Can 10.000 hours make anyone a golf star ?

It is a well-known theory in sports and other fields, that it takes approximately 10.000 hours of practice to excel. But does this then also mean that anyone kan become excellent, if ‘only’ they put 10.000 hours of practice into it? American Dan McLaughlin is testing this, by practicing golf for 6 hours a day, 6 days a week for 6 years, in an attempt to go from being almost a novice in golf, to become a PGA golfer.

The Dan Plan from Dan McLaughlin on Vimeo.

He named it “The Dan Plan“, when he on the 27th of June 2009 began his project, on his 30th birthday. Quit his job as a professional photojournalist, and now does nothing but play golf. Not necessarily to become the best golf player in the world, but in order to test the 10.000-hour-theory in Malcom Gladwell’s bestseller “Outliers”, that 10.000 hours is the time it takes to become really good at anything. “The magic number of greatness.”

McLaughlin is a dreamer, yes, and his father thought to himself when his son told him about “The Dan Plan”, that the boy could become a doctor in 10.000 hours. But that is what it is, Dan has completed almost 2 years of the project now, and has now less than 8.800 hours to go. “Basically, what I’m trying to do with this project is demonstrate how far you’re able to go if you’re willing to put in the time. I’m testing human potential.” … “There’s a 99 percent chance I’m not going to become a PGA golfer. But that’s not the point.”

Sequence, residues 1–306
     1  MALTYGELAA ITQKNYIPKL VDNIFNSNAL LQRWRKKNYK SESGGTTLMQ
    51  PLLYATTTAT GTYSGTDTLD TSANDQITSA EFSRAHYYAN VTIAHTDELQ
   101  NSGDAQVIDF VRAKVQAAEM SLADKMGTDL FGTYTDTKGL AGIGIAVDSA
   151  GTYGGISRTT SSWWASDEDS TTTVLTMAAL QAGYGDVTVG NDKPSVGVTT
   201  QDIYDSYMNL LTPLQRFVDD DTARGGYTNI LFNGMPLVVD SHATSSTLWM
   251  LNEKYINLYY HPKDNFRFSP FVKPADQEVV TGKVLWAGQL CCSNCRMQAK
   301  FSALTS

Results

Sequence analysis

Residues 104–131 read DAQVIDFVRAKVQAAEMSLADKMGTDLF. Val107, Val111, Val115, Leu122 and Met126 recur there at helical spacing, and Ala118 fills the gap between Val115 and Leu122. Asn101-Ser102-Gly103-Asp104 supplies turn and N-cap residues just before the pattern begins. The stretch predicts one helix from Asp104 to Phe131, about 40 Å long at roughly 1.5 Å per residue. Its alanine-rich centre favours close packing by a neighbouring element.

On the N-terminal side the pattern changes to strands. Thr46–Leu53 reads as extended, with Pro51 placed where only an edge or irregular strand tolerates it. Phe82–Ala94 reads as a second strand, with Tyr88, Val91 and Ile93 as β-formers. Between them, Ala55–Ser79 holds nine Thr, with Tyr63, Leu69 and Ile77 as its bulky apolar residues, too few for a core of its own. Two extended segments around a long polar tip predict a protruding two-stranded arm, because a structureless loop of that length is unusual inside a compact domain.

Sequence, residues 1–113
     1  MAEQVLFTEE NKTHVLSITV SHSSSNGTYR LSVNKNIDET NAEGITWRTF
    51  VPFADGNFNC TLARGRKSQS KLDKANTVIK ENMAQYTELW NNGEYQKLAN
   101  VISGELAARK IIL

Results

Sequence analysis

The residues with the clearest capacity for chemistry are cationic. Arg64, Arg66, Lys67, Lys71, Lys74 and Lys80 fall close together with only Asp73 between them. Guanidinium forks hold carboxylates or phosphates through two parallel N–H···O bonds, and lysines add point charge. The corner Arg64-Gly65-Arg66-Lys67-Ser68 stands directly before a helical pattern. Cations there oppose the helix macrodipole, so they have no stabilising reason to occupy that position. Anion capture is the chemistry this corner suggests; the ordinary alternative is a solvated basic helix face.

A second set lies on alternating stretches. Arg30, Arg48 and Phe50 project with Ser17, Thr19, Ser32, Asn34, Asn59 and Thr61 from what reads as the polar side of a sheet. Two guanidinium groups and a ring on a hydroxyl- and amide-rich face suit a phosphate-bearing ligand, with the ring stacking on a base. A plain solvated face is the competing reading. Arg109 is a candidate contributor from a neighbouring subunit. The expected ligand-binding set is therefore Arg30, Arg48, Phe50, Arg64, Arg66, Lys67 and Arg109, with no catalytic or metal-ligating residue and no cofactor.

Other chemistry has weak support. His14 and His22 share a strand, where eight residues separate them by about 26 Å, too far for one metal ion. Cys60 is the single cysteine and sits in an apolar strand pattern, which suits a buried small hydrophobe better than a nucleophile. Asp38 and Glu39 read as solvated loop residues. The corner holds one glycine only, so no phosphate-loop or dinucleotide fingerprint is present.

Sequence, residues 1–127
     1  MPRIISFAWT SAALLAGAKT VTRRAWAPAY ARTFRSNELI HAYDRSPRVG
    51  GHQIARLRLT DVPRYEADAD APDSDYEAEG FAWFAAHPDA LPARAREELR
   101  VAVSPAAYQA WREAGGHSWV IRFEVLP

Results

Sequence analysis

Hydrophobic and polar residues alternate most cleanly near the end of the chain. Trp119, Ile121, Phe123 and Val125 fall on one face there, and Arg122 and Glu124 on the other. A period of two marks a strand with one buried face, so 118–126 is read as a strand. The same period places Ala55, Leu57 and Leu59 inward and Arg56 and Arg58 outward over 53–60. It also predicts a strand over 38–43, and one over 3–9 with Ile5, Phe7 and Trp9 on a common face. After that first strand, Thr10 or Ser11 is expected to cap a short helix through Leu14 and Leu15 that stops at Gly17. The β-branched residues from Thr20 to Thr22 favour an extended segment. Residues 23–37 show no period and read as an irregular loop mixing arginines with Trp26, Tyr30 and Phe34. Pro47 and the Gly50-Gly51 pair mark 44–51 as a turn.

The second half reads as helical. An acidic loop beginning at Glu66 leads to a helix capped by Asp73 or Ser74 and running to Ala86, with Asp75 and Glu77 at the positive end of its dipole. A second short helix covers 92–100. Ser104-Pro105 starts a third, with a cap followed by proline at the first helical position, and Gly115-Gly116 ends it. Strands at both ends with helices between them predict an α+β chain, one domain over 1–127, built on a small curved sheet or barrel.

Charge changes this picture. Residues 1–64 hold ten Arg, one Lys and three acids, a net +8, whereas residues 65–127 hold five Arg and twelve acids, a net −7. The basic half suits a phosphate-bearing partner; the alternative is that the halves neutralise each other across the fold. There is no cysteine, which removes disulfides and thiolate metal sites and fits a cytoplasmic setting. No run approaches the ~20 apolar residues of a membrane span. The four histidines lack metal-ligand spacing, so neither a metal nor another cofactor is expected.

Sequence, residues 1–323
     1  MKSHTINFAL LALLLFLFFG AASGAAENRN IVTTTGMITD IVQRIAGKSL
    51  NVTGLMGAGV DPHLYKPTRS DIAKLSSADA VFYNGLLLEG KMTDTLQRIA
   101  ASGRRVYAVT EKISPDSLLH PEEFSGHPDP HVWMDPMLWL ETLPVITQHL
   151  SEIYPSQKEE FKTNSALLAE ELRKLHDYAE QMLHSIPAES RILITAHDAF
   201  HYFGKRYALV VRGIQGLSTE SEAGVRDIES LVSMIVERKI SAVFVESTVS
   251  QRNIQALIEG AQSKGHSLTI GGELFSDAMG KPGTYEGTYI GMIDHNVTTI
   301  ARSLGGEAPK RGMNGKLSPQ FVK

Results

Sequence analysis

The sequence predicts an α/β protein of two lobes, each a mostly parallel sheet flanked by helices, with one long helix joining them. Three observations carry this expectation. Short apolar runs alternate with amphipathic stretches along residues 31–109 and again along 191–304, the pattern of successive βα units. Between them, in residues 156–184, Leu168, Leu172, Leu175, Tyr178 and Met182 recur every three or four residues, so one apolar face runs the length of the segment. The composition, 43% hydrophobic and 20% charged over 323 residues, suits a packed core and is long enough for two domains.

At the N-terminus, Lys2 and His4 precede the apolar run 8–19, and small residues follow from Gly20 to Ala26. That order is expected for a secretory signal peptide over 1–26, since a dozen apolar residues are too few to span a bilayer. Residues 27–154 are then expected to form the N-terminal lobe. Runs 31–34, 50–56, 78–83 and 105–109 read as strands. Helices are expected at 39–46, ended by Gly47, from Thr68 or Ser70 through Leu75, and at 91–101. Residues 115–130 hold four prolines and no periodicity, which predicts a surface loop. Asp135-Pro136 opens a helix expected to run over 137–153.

Personally, I [Rókur] am very sceptical about the concept that it is enough to just train, as it seems like still it is those with special abilities that go the farthest. But the moral is good:

Shelves and shelves of self-help books are stocked in America with the canon of the quick fix. The 10,000-hour concept, though, is based on academic research into the idea that success is a choice — made, not born. At first glance, it feels like a very American idea — you can be anything you want to be — but it is an unsentimental view of the world. It helps to be tall in basketball, and it helps to start violin lessons at a young age, but what separates the few truly great from the many merely good is not talent or magic or luck. It’s dedication and discipline.

The secret to success isn’t a secret. It’s work.

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